Below is an annotated list of children's literature for the elementary classroom. The books are organized by the Six Elements of Social Justice Curriculum Design (Picower, 2007). It is based on work by pre-service teachers at Montclair State University. They have read and reviewed these books and provided insights into how they can be used in K-5 settings.

Tuesday, February 17, 2015


Author: Drew Daywalt

Illustrator: Oliver Jeffers 

Grade Level: K-3


This book presents a familiar object with unfamiliar feelings. In the book "The Day the Crayons Quit", each crayon in Duncan's box writes their owner a letter confronting him about their issues. Some crayons complain about over use, under use, lack of attention to the lines, and even a fight between yellow and orange that is effecting the mood of the whole box. More than just an adorable concept, "The Day the Crayons Quit" is hysterical. Any child can relate to the predicament the crayons are in, and learn from the manner in which they address their concerns. Jeffer's illustrations bring the letters to life and add to the hilarity of the book.

Element Three: Exploring Issues of Social Injustice 

Each crayon in this book is expressing their thoughts and feelings of how they've been misused or mistreated by their unknowing owner, Duncan. While realizing that they have special talents and skills they can bring to the table, many crayons feel as though they are being exploited or undervalued and speak up against this injustice. "The Day the Crayons Quit" is a wholesome, innocent vehicle to teach children how injustice occurs all around us, often unintentionally. This book promotes students to be more aware of their actions and how they are treating those around them. It discourages readers from making assumptions or thinking of objects or people in only one light.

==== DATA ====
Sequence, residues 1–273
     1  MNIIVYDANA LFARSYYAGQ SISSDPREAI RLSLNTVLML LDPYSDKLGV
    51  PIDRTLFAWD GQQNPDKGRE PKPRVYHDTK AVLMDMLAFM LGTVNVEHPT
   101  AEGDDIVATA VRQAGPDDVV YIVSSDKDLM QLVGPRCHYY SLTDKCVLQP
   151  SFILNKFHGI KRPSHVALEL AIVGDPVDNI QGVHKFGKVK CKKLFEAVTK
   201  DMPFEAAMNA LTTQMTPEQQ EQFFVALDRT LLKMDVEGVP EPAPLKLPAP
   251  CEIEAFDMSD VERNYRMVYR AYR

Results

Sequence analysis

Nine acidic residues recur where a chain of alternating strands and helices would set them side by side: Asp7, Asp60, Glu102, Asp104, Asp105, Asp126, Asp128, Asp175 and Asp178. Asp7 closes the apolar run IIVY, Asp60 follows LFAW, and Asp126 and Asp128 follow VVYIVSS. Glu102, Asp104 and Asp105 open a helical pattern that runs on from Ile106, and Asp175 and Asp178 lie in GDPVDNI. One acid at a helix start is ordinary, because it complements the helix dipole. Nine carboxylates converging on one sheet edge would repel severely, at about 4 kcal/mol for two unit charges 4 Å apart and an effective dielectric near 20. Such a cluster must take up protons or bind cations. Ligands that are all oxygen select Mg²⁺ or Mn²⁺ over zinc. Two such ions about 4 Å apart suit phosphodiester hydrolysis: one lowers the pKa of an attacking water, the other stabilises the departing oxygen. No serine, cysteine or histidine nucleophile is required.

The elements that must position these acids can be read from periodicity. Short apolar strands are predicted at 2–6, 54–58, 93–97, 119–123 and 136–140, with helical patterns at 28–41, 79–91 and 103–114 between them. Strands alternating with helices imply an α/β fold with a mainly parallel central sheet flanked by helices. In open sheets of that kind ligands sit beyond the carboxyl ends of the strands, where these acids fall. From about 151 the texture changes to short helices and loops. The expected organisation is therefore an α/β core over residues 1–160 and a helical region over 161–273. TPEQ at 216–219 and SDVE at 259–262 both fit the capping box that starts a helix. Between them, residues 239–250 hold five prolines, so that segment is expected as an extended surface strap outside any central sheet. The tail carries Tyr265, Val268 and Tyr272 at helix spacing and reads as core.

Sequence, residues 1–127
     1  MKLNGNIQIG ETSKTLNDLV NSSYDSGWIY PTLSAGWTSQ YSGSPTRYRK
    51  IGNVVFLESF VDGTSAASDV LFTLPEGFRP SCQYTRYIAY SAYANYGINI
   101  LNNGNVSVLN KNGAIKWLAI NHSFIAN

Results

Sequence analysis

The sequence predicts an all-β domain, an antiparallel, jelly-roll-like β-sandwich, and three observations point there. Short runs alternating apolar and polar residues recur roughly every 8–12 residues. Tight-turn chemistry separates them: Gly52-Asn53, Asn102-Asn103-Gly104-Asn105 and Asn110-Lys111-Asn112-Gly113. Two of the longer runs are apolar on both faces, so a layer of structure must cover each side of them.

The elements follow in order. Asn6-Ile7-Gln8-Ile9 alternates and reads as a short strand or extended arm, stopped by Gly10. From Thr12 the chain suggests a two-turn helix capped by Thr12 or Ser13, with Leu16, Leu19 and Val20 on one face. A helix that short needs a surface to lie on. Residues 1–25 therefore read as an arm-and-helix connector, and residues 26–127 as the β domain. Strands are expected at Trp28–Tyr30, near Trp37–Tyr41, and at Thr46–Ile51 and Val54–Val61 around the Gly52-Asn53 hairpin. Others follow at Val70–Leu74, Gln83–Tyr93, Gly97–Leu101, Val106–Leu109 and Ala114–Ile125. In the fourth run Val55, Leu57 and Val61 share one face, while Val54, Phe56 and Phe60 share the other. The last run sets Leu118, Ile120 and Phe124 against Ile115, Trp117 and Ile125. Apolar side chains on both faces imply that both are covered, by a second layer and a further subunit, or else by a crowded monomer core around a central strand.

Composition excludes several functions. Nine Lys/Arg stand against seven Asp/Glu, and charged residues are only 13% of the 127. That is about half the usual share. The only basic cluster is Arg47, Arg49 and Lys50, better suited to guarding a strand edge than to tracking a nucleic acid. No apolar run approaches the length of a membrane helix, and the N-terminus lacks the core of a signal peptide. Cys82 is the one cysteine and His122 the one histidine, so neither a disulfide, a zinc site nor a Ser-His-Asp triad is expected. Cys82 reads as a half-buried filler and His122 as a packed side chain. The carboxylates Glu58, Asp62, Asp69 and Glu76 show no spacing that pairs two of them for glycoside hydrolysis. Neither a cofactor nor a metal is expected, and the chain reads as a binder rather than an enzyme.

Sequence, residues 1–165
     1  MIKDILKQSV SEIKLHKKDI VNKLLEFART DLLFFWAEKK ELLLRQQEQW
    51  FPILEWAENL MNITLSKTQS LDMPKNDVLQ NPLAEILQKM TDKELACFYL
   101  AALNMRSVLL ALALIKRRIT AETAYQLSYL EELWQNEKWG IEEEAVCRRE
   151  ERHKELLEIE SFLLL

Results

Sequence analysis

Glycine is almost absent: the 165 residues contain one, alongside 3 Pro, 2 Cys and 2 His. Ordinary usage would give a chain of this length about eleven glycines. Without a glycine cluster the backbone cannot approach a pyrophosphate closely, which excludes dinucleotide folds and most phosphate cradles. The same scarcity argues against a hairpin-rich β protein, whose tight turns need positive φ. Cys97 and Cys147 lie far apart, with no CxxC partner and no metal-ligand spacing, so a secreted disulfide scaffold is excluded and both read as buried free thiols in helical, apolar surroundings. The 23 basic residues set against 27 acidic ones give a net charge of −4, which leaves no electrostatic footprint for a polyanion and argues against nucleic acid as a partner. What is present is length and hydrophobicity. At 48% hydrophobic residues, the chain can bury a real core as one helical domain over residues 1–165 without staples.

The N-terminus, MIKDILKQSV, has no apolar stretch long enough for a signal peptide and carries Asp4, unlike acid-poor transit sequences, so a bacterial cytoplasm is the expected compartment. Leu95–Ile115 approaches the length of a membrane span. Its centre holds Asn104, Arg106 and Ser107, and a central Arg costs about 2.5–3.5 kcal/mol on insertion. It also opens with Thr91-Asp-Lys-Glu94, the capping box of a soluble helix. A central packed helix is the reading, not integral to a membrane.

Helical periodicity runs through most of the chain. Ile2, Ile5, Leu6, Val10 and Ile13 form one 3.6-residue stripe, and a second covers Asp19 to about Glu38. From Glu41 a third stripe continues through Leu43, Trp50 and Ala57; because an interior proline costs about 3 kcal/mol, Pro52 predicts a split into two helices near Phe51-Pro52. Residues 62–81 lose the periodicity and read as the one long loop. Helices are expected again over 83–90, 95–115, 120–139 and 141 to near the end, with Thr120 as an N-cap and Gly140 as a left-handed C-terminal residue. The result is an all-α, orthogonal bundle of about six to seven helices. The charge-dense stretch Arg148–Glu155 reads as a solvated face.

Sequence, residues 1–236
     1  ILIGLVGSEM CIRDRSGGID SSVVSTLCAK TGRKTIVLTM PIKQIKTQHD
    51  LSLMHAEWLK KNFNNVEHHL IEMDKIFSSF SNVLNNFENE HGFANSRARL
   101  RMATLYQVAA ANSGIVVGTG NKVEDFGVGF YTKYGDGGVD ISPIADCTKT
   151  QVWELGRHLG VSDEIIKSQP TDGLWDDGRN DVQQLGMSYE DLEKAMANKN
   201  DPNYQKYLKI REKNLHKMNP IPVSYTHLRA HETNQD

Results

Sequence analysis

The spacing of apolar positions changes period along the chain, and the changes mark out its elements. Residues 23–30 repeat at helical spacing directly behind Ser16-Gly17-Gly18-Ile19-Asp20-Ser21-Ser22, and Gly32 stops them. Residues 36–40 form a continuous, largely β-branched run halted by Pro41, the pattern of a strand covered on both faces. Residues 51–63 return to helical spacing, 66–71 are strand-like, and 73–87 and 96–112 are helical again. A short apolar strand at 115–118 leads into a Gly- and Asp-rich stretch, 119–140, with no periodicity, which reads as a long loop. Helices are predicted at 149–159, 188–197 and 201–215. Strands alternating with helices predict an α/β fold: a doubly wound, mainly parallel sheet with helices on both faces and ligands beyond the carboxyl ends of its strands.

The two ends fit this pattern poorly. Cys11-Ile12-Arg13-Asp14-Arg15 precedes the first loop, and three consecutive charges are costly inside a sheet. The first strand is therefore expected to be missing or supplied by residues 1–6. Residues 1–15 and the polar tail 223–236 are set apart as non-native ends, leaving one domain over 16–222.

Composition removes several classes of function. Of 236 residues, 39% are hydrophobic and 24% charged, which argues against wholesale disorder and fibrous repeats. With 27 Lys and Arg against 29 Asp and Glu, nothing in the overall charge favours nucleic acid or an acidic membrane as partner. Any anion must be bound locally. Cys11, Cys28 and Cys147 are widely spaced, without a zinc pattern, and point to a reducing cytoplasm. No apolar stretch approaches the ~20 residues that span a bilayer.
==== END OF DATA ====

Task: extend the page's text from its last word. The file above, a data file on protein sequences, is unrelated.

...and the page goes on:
Classroom Activity 

The most obvious element of the book is persuasive letter writing. Student can be encouraged to simply write a persuasive letter and learn different elements of the structure of writing a letter. This activity can be taken a step further by allowing children to juxtapose themselves and relate with a person or object around them and write a persuasive letter from a different perspective. For younger children, the activity can encourage students to look at objects around them and come up for different uses other than what is conventional. This teaches children to look at objects with a multimodal approach encouraging creative thinking and resourcefulness.

Even if this book is not connected to a learning activity it is a phenomenal book that would enhance any classroom library. It is a very entertaining book that would capture the interest and attention of any young reader.

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